The future of superior customer experience is moving to a data-driven, predictive system to elevate performance. Companies that can better understand what their customers want, and need are likely to be more successful. That is why those with an eye toward the future are boosting their data and analytics capabilities and harnessing predictive insights to connect more closely with their customers, anticipate their behaviors, and identify CX issues. Why? To understand opportunities in real-time and be able to adequately respond with value to the challenges customers are dealing with.
But, growth doesn’t always mean new. I keep on noticing a persistent topic: should we grow through existing or new customers? Well, not much has changed in that regard in the last year. B2B marketing is increasingly focused on growing existing accounts by convincing customers to upgrade to new technology, purchase additional products and services, or expand product usage to new business units or geographies. With new, you need to ask yourself what is the cost ratio between new acquisition and retention, and when can we expect the ROI out of it?
Let’s be frank we need to balance out both, but I simply can't avoid seeing how some companies undervalue the value of existing customers. How can we increase the value to those that have been with us for a long time, that are loyal? Customer experience and satisfaction play a major role – but is that enough?
According to Gartner, customer satisfaction doubles the likelihood of repurchase but it does not affect account growth. So, we need to differentiate between repurchase vs. growing from the customer’s evolution. A repurchase is a continuation of past decisions and essentially a choice for the status quo. On the other hand, 70% of customers have mentioned in the same survey that a growth decision represents organizational change – which often means new capabilities, different processes, a new set of stakeholders, and new complexity. That is why customers require more than satisfaction to move forward.
As buying behavior increasingly shifts toward digital channels, so does the importance of marketing in driving account growth. Commercial leaders are thus seeking marketing help to grow underpenetrated accounts to hit revenue growth targets in a more cost-efficient way. But how can marketing protect the existing customer base and grow from there? Companies are just slowly realizing that it is not about what we are trying to sell but how we are helping customers buy. Yet, this new insight supports a fully different narrative that made me think – is now marketing supposed to encourage our customers to grow their business by motivating them to change? Maybe.
Motivation to action
Most companies avoid change because it is hard, unknown, risky, and disruptive. This choice doesn’t depend on their supplier, but it has everything to do with how the customer perceives their own company’s needs and readiness for a different approach.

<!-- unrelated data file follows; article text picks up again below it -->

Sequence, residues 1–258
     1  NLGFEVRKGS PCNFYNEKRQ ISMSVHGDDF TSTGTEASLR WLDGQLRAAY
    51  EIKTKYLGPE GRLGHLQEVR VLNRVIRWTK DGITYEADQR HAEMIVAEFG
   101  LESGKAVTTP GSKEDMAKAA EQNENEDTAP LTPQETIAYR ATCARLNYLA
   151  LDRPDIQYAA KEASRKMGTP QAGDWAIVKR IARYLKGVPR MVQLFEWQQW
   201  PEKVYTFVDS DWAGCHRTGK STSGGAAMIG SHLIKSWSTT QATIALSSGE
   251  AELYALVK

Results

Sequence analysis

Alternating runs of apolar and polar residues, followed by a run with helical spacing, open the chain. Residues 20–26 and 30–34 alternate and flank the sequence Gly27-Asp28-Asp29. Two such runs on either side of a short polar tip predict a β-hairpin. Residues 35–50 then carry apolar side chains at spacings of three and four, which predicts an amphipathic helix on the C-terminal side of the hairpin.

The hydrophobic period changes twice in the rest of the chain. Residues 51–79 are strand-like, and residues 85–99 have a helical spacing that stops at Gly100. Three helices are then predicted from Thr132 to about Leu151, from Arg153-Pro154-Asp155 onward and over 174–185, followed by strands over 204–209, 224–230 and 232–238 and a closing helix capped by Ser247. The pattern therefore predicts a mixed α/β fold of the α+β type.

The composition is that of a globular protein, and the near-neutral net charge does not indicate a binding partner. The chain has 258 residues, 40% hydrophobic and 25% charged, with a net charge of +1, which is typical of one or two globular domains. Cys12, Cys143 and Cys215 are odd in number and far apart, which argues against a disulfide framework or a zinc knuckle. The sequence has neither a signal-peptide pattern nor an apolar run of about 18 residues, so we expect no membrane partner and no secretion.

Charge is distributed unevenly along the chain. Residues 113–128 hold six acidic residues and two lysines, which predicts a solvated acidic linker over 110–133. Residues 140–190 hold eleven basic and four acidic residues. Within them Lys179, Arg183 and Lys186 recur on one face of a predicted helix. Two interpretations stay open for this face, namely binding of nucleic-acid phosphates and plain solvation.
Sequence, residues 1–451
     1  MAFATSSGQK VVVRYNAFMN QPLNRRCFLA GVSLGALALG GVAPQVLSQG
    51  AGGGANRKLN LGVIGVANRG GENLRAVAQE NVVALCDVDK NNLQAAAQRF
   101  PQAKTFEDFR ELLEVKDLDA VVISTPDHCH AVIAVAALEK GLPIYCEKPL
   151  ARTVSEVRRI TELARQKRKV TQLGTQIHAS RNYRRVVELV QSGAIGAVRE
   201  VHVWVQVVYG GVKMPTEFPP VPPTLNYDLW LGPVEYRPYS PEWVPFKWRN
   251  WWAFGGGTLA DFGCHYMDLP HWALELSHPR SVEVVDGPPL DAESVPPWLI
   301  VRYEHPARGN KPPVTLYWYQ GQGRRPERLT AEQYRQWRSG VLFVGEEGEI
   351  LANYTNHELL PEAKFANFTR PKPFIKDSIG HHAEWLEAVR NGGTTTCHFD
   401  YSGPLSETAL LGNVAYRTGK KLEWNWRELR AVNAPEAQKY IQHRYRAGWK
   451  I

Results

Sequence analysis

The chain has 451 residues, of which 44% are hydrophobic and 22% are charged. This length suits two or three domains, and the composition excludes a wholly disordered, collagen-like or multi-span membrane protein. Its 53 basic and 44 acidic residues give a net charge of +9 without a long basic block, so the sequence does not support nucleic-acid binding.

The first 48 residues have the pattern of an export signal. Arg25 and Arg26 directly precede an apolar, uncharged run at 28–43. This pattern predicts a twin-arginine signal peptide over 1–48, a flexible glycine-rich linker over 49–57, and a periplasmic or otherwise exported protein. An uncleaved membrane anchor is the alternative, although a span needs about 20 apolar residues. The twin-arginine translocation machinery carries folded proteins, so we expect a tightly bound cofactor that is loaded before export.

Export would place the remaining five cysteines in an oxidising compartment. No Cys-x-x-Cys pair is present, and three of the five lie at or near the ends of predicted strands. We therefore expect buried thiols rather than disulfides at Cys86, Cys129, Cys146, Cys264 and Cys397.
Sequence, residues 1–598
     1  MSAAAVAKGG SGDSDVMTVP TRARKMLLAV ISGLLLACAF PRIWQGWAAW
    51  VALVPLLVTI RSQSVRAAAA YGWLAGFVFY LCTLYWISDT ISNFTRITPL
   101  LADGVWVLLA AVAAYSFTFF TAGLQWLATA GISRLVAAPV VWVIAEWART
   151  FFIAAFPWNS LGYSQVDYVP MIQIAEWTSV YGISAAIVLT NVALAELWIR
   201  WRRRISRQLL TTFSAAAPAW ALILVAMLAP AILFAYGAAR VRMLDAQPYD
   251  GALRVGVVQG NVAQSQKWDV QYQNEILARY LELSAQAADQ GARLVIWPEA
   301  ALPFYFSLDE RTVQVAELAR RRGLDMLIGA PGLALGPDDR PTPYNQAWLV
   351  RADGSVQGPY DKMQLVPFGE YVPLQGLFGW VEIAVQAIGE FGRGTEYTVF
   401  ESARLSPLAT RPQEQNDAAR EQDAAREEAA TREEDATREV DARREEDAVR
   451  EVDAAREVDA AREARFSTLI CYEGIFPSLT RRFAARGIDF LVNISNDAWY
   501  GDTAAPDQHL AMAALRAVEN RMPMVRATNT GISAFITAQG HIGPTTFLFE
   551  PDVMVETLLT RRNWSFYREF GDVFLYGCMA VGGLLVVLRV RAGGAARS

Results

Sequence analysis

It was measured that decision confidence increases the purchase options by 2.6 times, so we need to get customers to the point where they feel willing to change. Though more often than not we hear customers feel overloaded with organizational complexity, facing roadblocks like unclear decision making and conflicting priorities. Individually they can be convinced but may give up once they consider the difficulty of aligning diverse stakeholders and perspectives in their team.
So, instead of making customers happy with the experience, marketing can boost customers’ willingness and confidence through a variety of channels using content and tools to help drive the customer’s organizational change. To educate them and help them get the answers and information they need and can use to convince their peers as well. So, they can realize the full potential from their purchases. Influencing customers’ decision confidence this way means we are building a bridge from the status quo to change, helping customers feel empowered to overcome challenges, reinforcing their belief, their logic, their process, and their decision. Customers assign a huge value to feel more confident and they repay confidence with incremental business.
Don’t get swept up when doing something new
Customers who are willing to change, are also often open to switching suppliers. Gartner reports a 78% likelihood of that happening with new business need. When customers go on a journey of change, from planning to making the purchases to institutionalizing it into how they work - they need to be reassured they are making the right decision, at every step of their journey.
Marketing can and must coordinate the efforts and expectations across the commercial organization to identify gaps, changing needs, and efficiently capture those growth opportunities, so customers feel inspired and supported, feeling capable of driving change. This way they will not be only willing, but they will be able to change and stay with their existing supplier.
After-sales marketing opportunities follow two different paths - repurchasing and account growth. Each with its risks and decision process. Repurchasing is closer linked to customer satisfaction and comfort with the status quo. On the other hand, decision confidence makes customers feel capable of executing the change, motivating and enabling them to go beyond familiarity. Marketing can influence customers’ decision and their confidence by providing iterative, ongoing inspiration through content and tools, messaging, and sales support that helps customers prepare for and drive organizational change.